Ohio is now one of the empire states with a population represen-
tative of the civilization of the globe. Her children have amalgamated the
blood of New England and of the Virginians, and in these strains her
men and women are virile, they are yet the exemplars of the Putnam
band and must be the source of perpetuating the good, honest, common-
sense that has, after all, made America great.
Do not allow your ideals of Putnam's standard to be replaced by
the "Melting Pot." The pure strain of American blood must not be
contaminated in this way, for otherwise we will turn back the sands of
Truly this is a time of rapid progress. Ours is the engine of
internal combustion, the wireless message, the subtle power of electricity,
the recording of the human voice, the power of aerial travel.
This is a country just passing the portals of real human progress,
and we are a part of the same. Ours is the inspiration of all that
has made our nation great, and it is ours to help keep perpetual the
integrity of Rufus Putnam, his honest purpose and his devotion to
"religion, education and morality."
After the address of Senator Dana, a recess was had, and the
members went to Hotel Bartlett, where dinner was served. At the
tables were: Dr. G. Stanley Hall, Mrs. Florence E. Hall, A. George
Bullock, Mrs. Mary C. Bullock, Burton W. Potter, Mrs. Fannie E.
Potter, William Woodward, Mrs. Caroline I. Woodward, Nathaniel
Paine, Henry A. Marsh, Mrs. Emily W. Marsh, Eben F. Thompson,
Miss Emma S. Hinckley, Stephen C. Earle, Nathan H. Allen, Edward
G. Norman, Mrs. Louise H. Norman, Miss Mary Hoar, Dr. Charles B.
Elder, Mrs. Almina R. Elder of Worcester; Rev. Sidney Crawford,
Wayland; Edwin D. Mead, Boston; Senator Charles S. Dana, Prof. A. B.
Hulbert, Marietta; Miss Edith Sears, Boston; Miss Maude Bartlett,
Brooklyn; Ira G. Dudley, Mrs. Sarah Dudley, Boston; Walter A. Wheeler,
Mrs. Mary E. Bray, Charles R. Bartlett, Mrs. Catharine M. Bartlett,
Louis M. Hanff, Mrs. Frances P. Hanff, Rutland.
After the dinner, Prof. Hulbert, Senator Dana and Edwin D. Mead
spoke briefly, after which the meeting dissolved. After the meeting,
several signed the membership roll of the Rutland Chapter of the Ohio
Company of Associates.
A Pupil's Recollection.
Just two score years ago-in the Fall of 1870-the editor of the
QUARTERLY-then a "slip of a lad" just emerging from his 'teens-
landed at the little city of Ithaca, nestling in the valley at the head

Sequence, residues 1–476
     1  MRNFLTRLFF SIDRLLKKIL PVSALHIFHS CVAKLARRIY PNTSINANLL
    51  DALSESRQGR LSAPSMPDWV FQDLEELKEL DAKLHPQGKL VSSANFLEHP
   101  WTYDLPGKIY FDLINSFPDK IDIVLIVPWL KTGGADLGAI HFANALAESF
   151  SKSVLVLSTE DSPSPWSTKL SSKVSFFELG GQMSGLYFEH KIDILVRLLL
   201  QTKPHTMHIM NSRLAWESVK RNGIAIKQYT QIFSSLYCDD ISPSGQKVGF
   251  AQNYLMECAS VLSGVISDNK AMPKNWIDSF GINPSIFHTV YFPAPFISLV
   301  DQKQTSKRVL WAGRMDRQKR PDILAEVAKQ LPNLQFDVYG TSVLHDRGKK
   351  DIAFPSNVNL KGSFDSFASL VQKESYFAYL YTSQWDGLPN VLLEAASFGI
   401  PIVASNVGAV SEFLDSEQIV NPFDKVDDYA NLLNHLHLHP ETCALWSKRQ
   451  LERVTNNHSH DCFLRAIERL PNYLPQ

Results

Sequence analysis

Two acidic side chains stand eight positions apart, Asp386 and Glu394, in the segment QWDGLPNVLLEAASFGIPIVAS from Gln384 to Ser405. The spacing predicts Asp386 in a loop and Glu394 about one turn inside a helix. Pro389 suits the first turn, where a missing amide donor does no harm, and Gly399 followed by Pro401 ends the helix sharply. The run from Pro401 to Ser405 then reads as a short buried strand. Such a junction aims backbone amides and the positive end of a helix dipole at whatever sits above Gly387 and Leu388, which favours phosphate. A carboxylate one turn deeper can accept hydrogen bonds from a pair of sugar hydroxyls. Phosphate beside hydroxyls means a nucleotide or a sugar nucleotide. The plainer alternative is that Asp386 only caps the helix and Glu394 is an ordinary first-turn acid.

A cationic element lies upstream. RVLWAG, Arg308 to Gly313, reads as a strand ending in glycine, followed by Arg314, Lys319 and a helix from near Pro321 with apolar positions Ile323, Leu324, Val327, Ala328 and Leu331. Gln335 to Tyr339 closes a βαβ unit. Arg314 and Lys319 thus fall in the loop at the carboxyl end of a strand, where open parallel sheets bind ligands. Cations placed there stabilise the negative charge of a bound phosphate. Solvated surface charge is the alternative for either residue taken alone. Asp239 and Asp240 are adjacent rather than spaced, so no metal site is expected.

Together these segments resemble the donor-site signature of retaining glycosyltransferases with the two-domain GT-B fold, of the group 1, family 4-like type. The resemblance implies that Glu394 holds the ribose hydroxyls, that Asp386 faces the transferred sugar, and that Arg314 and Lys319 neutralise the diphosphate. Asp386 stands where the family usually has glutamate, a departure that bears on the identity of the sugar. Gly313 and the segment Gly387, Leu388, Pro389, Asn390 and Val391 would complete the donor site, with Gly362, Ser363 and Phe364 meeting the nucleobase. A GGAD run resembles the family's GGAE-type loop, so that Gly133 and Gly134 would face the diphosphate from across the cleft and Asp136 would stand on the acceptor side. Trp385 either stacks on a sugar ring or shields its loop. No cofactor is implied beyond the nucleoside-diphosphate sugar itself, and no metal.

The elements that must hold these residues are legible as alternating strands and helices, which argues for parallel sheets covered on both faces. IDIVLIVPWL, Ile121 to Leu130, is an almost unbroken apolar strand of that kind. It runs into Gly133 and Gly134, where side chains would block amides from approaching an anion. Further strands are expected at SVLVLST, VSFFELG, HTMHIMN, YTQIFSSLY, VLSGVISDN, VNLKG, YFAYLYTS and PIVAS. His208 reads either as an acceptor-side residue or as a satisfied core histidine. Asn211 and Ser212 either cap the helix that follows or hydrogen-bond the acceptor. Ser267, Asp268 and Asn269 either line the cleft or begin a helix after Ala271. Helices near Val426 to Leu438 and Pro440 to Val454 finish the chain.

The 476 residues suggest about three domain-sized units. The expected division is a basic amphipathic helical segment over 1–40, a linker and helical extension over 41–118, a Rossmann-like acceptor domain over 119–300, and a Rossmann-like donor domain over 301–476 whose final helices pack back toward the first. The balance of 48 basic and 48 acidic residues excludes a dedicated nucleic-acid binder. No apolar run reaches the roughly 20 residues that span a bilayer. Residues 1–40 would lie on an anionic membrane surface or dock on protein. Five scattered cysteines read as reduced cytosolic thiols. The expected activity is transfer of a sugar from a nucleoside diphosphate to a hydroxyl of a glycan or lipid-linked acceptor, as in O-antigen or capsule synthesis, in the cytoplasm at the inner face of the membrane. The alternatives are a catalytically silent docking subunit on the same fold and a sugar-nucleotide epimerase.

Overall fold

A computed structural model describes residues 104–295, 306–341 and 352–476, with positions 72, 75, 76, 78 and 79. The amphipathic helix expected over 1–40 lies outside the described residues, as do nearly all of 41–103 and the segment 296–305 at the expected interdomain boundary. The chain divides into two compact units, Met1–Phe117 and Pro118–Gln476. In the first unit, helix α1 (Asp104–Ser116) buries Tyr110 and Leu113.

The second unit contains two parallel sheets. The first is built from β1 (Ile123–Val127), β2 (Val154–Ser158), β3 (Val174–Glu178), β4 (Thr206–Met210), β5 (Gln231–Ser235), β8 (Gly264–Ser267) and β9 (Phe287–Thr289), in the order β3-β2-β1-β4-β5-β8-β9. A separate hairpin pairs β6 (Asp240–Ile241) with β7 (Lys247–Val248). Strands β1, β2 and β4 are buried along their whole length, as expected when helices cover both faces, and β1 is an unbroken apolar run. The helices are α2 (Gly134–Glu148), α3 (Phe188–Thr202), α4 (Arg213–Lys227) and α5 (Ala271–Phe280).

shores of picturesque Lake Cayuga, New York. It was one bright
September morn that the young matriculate climbed the "hill of science"
to its brow, surmounted by the campus then only partially leveled knolls,
the site of the new institution of learning, called Cornell University,
which according to its founder was to be an institution "where anybody
could fnd instruction in any study." The university, now one of the
most famous in the land, with a score of magnificent buildings, a
wealth of equipment, hundreds of professors and instructors and
thousands of students, was then but a hope and promise with two or three
permanent grey-stone buildings and half a dozen, temporarily constructed,
frame halls of learning. But brick and stone and chunks of endowment
funds do not alone make a university. It is the professors and the
instruction that mould the character of the student and train and de-
velop his gray matter, if he has any, for the battle of life. It has been
truly said that "Mark Hopkins, seated on one end of a log with a
student at the other makes a college." At Cornell in those incipient
days, there were crude appointments for the accommodation of the
earnest boys who flocked to this new institution. But it was the first
to break the shell of the old narrow courses of mere dead languages
and a slight smattering of science, and it was the pioneer to broaden
the curriculum into optional studies of a hundred fold. But those early
years was the period of distinguished professors and lecturers, resident
and non-resident. James Russell Lowell, George William Curtis, Bayard
Taylor, in literature; Louis Agassiz in natural science; Herman E. Von
Holst, Goldwin Smith, James Anthony Froude, Edward A. Freeman,
George Washington Green and Andrew D. White, in history. Of that
distinguished galaxy each one has done his good work and passed to
the beyond-all save one, Andrew D. White, the first president and the
one who inspired Ezra Cornell to found the institution and who out-
lined the plans of this distinctly American college-the new and liberal
methods which were at first to draw the bitter antagonism of all other